By Dennis “DJ” Mikolay
Huddled into Avery Grant’s mayoral campaign headquarters on Brighton Avenue, Long Branch’s long-downtrodden political opposition experienced an unprecedented boost of energy and inspiration on Tuesday night. It was the non-partisan Election Day, and though twenty-four year incumbent Mayor Adam Schneider was ultimately re-elected to a seventh term, his victory came by a much smaller margin than anticipated, a sign to those who backed Grant that re-alignment might be near.
Only two hundred and forty eight votes separated the incumbent from his rival (1,461 versus 1,213), an unprecedented turn of events that represented a drastic departure from the overwhelming dominance Mayor Schneider displayed during the two previous races. Having come closer to being elected than any of his predecessors, Avery Grant remained optimistic as he conceded the race and encouraged his supporters to remain involved in the community.
Grant also reaffirmed his commitment to a clean and respectable campaign.
“We don’t want any dirty tricks,” he said, recounting an early discussion with his volunteers. “This is serious business, because this is the city that I love and that my family loves.”
His enthusiastic supporters, several of whom stood along Brighton Avenue waving signs in a last minute attempt to get out the vote, warmly received Grant upon his arrival. In addition to campaign volunteers and the familiar faces that have accompanied the candidate during the duration of his journey along the campaign trial, former City Councilman Brian Unger, who has kept a somewhat low political profile over the last four years, was also on hand to show support for the mayoral aspirant.
David Pizzo and Cynthia Branch, the two independents running for City Council, were also present. Though the three were not running mates, there was a great overlap of support between the non-incumbent candidates, and all expressed the belief that their candidacies and platforms had a positive impact on the direction the race took.
“It was a very important election and will make a difference in this city,” said Pizzo. “It always has. Every election does.”
“Long Branch is my city,” Branch said. “When I leave town, I am always happy to return. I might go visit another place, but I just can’t wait to get back to my hometown. Hopefully, with the results that we had as a team against Adam Schneider’s team, it might shake them up and [make them] think, ‘you know, we might need to do a little bit better for the people in Long Branch.’”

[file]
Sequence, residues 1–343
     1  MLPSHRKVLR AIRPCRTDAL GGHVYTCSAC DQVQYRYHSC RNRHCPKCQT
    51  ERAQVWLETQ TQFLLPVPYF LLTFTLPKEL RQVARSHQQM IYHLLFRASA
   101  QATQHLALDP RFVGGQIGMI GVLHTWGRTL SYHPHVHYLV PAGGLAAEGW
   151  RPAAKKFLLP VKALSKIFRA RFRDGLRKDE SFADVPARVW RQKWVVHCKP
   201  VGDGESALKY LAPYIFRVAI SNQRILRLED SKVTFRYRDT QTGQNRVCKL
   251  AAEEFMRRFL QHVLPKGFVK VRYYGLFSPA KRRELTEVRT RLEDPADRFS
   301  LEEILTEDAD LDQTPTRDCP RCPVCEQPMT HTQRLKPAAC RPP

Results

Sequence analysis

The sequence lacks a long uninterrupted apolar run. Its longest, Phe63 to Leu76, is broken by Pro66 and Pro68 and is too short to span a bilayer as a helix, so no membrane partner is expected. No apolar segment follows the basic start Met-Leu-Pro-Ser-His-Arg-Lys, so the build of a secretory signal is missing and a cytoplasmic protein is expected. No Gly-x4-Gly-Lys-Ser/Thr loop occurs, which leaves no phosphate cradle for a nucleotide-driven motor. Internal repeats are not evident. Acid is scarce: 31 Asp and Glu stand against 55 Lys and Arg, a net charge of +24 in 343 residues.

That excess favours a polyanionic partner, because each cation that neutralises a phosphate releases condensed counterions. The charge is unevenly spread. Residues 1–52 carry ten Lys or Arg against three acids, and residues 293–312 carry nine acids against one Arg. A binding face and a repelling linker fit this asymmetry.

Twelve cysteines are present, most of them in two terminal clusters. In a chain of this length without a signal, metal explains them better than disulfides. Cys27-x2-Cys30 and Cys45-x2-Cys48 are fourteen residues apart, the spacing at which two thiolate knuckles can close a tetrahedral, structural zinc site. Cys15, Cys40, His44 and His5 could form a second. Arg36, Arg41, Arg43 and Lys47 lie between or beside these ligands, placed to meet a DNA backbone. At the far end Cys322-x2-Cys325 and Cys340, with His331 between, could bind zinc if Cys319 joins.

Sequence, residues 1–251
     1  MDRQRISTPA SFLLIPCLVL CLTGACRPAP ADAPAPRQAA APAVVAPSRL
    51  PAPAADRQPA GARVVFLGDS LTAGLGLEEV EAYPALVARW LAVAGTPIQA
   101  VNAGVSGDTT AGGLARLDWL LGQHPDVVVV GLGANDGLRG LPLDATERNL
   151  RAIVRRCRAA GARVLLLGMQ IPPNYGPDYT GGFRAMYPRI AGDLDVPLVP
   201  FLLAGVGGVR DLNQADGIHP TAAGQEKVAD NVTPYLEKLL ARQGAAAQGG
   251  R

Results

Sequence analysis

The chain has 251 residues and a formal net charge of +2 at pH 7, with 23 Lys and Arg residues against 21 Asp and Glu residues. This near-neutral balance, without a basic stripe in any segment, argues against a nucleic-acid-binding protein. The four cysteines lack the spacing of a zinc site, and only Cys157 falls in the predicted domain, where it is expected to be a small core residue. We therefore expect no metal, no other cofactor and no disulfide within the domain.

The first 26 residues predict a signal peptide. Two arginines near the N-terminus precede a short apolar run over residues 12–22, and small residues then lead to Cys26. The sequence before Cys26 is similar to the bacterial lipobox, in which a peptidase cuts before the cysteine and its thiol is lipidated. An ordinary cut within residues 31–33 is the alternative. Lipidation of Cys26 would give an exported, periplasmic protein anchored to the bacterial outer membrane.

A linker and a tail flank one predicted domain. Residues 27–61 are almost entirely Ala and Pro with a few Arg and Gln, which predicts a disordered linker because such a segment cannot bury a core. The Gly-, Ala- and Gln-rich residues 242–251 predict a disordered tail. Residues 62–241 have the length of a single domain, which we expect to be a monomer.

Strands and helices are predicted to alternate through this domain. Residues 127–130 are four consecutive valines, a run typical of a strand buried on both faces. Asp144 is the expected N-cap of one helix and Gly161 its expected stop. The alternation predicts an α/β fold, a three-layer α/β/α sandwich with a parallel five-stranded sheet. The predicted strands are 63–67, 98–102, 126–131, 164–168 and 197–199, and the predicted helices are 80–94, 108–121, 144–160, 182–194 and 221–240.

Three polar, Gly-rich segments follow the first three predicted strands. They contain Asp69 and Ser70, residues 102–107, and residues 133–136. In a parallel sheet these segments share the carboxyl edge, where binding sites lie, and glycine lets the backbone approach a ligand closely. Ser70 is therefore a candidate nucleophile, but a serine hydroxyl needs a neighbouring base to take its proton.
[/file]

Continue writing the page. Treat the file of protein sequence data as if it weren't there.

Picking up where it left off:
Branch hinted strongly at another run in the near future, channeling former California Governor Arnold Schwarzenegger when she boldly proclaimed, “I fought a good game, and I’ll be back!”
One of the defining features of this year’s race was very low voter turnout. One thousand eight hundred and eighty nine less ballots were cast in the mayoral race than last time around, when Mayor Schneider defeated Councilman Unger by eight hundred and sixty three votes. Former mayoral candidate Alfie Lenkiewicz, who was defeated by five hundred and seventeen votes in 2006, thought favorably of Grant, whom he described as “a good man,” but believes that apathy is largely to blame for the low turnout in recent years.
“I think that the community has become very apathetic,” Lenkiewicz said. “The candidates need to do a better job in inspiring the voters to get out and become more involved, empowering each and every individual in the community to take pride in their city.”
All of the Schneider Team’s Council candidates were re-elected. With 1,793 votes, Council President John Pallone represented the top vote getter; the former mayoral candidate and brother of popular Congressman Frank Pallone served on the City Council during the 1990s before being re-elected as an independent in 2010. Mary Jane Celli, a veteran member of the City Council, was the next highest vote getter, with 1,688 votes, followed by Joy Bastelli (1,633), Kate Billings (1,615), and Michael Sirianni (1,586).